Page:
A beginners guide to whistleblowing

What is whistleblowing?

There are many different ideas as to where the term came ‘whistleblowing’ from, but the most likely is the analogy of a police officer blowing his whistle when he or she catches a crime in progress.  Essentially whistleblowing means calling attention to wrongdoing within an organisation.  If you expose any information or activity within an organisation that is illegal, unethical or incorrect, you are a whistleblower and you should be protected by law.  However, there are rules you must adhere to in order to be protected.

What are the rules?

The law translates the term “whistleblowing” to “making a disclosure in the public interest.” If you blow the whistle on something that is in the public interest, you will be protected and should not be treated unfairly by your employer.

What can you blow the whistle on and still be protected?

  • Criminal activity, such as fraud
  • Health & Safety risks, accidents or malpractice
  • Risk or damage to the environment
  • Miscarriages of justice
  • Your company is breaking the law
  • Someone is covering up wrongdoing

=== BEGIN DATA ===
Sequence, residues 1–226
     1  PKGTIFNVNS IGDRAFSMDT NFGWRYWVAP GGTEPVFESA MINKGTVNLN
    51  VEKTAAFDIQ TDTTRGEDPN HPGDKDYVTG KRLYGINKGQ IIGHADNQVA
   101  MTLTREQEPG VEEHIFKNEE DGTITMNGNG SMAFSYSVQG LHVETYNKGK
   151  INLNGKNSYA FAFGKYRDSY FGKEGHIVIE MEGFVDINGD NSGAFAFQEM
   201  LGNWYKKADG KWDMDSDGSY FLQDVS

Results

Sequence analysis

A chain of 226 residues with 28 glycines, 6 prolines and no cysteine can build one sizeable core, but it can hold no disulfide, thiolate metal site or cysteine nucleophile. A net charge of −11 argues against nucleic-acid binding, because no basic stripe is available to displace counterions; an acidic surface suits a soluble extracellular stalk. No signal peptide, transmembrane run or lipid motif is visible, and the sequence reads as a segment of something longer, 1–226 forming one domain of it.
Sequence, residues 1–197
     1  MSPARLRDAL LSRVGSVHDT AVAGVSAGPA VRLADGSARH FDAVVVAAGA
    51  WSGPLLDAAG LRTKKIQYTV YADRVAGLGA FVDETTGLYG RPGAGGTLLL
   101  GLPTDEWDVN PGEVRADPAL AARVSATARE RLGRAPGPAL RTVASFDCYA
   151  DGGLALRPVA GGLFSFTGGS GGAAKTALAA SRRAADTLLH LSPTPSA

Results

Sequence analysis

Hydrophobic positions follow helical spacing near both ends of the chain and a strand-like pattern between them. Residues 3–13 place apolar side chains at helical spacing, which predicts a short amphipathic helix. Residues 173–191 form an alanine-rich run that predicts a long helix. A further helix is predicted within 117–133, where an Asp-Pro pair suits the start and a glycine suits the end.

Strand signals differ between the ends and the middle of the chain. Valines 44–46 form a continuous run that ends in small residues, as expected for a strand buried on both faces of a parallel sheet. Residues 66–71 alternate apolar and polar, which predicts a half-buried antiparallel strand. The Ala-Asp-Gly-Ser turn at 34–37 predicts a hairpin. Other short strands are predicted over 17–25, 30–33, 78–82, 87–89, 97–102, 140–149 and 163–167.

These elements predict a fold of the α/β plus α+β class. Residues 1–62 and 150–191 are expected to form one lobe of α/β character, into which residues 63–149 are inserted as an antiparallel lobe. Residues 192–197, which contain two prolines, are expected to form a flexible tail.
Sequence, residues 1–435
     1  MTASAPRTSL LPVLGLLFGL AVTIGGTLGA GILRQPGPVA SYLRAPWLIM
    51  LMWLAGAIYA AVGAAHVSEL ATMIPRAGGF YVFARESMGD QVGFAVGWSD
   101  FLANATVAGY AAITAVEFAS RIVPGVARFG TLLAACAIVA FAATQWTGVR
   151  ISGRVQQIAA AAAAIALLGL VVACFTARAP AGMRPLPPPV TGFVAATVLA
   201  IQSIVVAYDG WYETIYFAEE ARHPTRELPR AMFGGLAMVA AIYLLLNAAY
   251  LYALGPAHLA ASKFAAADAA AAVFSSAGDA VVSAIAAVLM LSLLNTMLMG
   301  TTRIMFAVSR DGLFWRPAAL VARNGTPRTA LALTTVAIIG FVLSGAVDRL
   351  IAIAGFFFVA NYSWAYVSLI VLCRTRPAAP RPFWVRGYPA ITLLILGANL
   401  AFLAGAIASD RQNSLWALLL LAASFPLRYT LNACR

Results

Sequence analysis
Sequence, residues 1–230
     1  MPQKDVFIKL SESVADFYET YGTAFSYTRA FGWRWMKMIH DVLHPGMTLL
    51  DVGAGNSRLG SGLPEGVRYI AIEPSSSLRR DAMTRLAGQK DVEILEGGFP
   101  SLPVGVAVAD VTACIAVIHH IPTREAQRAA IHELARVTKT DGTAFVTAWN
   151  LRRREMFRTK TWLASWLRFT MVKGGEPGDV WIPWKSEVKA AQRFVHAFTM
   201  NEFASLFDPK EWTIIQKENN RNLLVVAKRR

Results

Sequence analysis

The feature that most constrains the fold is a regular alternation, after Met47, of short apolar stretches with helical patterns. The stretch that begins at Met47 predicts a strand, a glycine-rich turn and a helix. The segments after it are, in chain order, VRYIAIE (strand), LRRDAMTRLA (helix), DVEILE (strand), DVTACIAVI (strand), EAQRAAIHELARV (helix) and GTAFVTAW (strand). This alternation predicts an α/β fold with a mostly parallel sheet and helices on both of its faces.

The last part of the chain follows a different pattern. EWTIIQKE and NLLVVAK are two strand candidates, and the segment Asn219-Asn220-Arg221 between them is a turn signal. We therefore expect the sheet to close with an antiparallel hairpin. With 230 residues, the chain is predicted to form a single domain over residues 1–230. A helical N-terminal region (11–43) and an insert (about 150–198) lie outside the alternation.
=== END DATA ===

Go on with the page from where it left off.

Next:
How to blow the whistle

Firstly, you must make your disclosure in good faith.  This means you must not act reasonably and not for personal gain, you must be honest and sincere and you must believe the information you are disclosing is true.  You should then report your disclosure to your employer, a lawyer or an external person or governing body.  

What you can do if you feel you’ve been treated unfairly

There are many options available to you if you feel you have been treated unfairly as a result of whistleblowing.  You can take your case to an Industrial Tribunal, the Advisory, Conciliation and Arbitration Service (ACAS), the Citizens Advice Bureau, your Trade Union or a whistleblowing charity such as Public Concern at Work.  

Where can you go for help?

There are many charities and bodies that provide help and support on whistleblowing.  Follow the links below to find out more.

 

 

 

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